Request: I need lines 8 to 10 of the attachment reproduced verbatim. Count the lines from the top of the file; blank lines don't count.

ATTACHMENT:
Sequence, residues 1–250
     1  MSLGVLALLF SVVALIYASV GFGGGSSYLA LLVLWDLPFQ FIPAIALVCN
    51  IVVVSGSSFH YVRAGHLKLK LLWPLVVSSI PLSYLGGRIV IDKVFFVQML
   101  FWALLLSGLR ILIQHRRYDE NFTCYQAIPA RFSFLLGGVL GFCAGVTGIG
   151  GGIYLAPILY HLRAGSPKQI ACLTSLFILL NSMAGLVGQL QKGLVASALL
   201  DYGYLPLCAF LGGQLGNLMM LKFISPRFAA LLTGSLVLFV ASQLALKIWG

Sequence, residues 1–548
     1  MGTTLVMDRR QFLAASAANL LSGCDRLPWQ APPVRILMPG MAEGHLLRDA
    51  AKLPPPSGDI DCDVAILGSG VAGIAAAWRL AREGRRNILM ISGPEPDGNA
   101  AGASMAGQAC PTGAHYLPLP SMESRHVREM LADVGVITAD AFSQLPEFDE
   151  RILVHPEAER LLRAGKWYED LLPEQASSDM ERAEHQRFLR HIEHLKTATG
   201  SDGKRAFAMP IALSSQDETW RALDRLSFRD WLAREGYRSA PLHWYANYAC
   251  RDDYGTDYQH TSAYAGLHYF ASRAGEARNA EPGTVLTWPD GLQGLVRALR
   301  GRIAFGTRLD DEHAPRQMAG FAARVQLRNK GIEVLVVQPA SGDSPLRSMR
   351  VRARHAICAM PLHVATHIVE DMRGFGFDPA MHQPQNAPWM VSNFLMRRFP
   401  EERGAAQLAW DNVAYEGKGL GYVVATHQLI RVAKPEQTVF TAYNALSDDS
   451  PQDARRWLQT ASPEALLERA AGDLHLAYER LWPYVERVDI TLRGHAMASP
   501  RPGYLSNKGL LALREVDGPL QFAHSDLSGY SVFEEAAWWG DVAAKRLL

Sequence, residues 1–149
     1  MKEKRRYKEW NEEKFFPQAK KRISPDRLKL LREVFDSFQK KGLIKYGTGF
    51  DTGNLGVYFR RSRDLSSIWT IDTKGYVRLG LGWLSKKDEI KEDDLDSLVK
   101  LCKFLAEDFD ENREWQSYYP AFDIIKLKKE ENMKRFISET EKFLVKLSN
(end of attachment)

     1  MGTTLVMDRR QFLAASAANL LSGCDRLPWQ APPVRILMPG MAEGHLLRDA
    51  AKLPPPSGDI DCDVAILGSG VAGIAAAWRL AREGRRNILM ISGPEPDGNA
   101  AGASMAGQAC PTGAHYLPLP SMESRHVREM LADVGVITAD AFSQLPEFDE